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Clichés are ideas, thoughts, phrases, and metaphors that were once original and insightful but have now lost both insight and originality and have become empty and formulaic. Earlier I mentioned an example of a once-original twist that is now a plot cliché: the corrupt cop as criminal. But clichés can appear just about anywhere—in your concept, your plot, your characters, your dialogue, even in the screenwriting devices you use. Examples of clichés in everyday speech are phrases such as, "at the end of the day," "I gave him the best years of my life," and even "all's well that ends well," which wasn't a cliché when Shakespeare penned it.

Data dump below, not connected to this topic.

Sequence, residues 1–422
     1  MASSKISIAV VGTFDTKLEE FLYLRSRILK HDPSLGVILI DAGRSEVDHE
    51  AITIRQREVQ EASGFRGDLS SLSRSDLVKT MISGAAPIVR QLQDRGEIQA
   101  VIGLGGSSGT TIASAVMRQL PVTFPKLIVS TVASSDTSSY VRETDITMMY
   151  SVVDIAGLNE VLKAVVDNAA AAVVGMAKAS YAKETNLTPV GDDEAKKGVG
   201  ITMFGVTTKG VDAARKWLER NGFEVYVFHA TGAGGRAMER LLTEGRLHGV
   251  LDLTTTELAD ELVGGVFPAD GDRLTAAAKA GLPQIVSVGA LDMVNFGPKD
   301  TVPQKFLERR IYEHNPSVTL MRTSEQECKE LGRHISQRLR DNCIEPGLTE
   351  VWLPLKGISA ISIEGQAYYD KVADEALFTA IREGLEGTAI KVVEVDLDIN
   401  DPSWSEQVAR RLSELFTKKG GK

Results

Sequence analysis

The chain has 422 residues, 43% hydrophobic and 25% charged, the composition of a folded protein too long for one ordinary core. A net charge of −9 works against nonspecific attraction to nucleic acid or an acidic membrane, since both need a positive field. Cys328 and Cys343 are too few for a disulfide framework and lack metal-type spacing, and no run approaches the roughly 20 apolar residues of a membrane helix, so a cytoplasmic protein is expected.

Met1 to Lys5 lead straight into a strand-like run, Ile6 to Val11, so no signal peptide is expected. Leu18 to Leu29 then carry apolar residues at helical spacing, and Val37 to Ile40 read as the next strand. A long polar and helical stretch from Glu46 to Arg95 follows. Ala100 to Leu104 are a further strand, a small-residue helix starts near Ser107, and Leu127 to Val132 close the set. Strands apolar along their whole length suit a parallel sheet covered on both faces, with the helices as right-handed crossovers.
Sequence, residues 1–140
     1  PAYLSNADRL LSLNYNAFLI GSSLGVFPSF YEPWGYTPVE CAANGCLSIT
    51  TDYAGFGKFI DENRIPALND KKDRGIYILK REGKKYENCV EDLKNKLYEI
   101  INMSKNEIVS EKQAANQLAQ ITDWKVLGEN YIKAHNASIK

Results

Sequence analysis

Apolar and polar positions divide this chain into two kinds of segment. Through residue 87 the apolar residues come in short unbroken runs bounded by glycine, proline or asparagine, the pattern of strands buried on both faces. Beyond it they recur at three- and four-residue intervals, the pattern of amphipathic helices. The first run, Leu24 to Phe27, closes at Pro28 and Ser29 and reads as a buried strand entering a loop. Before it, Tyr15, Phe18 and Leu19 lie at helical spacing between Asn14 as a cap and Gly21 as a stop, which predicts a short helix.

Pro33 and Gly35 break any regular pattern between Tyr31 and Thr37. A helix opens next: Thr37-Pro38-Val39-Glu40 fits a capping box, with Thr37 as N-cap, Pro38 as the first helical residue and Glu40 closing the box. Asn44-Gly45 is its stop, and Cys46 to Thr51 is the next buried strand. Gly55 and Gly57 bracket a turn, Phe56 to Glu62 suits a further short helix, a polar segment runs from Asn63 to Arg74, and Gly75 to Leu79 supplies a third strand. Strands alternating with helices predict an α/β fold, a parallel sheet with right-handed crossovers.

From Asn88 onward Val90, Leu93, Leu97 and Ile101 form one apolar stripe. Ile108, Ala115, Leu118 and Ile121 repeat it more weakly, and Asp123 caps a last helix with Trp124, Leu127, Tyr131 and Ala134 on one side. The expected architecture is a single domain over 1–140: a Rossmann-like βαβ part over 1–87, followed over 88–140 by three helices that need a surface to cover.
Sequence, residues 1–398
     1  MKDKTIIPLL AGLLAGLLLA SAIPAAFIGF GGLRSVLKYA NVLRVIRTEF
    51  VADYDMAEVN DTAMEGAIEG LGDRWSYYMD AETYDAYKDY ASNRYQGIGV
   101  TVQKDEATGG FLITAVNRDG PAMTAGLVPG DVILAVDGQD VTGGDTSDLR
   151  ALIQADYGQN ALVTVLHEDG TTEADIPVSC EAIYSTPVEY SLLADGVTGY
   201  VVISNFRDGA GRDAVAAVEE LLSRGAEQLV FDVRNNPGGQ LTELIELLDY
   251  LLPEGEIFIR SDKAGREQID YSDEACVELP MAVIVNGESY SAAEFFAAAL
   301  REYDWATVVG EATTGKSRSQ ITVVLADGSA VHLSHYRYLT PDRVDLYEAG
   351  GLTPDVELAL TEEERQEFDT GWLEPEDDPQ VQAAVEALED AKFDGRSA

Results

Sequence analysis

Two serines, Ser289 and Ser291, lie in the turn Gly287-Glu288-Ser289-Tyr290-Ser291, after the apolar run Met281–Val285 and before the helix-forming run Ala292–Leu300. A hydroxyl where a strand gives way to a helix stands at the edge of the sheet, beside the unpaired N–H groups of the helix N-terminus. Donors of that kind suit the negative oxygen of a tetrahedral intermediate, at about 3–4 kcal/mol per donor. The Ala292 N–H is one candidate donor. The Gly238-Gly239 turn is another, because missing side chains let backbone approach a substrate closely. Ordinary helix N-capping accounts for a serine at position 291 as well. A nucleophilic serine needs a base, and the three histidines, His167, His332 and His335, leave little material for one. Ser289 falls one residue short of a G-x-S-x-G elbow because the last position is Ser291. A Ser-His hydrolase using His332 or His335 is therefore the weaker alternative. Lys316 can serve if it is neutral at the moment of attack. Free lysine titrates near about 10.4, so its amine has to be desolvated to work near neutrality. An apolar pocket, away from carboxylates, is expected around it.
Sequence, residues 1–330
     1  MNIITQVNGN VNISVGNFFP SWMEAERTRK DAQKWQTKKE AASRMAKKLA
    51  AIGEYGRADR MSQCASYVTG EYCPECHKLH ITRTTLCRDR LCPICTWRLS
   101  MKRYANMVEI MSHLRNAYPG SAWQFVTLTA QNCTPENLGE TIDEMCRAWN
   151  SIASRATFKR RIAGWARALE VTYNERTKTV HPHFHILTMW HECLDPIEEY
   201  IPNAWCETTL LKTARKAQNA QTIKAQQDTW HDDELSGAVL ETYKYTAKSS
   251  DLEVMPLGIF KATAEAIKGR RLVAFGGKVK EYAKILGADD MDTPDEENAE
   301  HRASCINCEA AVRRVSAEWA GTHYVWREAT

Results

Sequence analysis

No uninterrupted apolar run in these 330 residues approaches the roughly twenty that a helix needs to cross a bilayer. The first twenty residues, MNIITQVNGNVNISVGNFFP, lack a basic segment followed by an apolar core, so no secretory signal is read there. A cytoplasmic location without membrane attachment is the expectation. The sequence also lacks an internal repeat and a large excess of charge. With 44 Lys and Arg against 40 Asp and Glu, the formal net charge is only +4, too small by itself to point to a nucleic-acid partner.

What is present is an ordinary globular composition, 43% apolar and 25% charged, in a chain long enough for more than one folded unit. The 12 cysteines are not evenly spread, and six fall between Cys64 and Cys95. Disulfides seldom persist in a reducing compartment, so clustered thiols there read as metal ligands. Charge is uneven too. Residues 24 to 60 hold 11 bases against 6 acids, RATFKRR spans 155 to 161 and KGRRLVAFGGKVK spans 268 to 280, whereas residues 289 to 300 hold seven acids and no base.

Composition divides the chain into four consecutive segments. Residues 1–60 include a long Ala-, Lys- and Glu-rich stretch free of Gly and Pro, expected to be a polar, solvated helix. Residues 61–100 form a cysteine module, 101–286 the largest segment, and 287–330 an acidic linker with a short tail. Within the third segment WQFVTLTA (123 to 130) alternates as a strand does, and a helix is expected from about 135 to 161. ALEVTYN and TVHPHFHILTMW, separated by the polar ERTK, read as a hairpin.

Go through your script one more time and sniff out clichés, formulas, gimmicks, and anything that is overused and misused. For example, if you want to show the passage of time, think of a more interesting way than cutting to a clock. Examine your scene transitions, your character responses, and the devices you use to create anticipation. Make sure they're varied and fresh. "Devices should help you create unpredictable characters and situations," says screenwriter/editor Jackie Pike. "But used too frequently, they turn into clichés. Amateurs use one device four hundred times. Great writers use four hundred different devices."
Eliminating clichés means never being satisfied with the first idea that comes to mind. No matter how much work it takes, if you become relentless in stamping out clichés, your script will improve dramatically.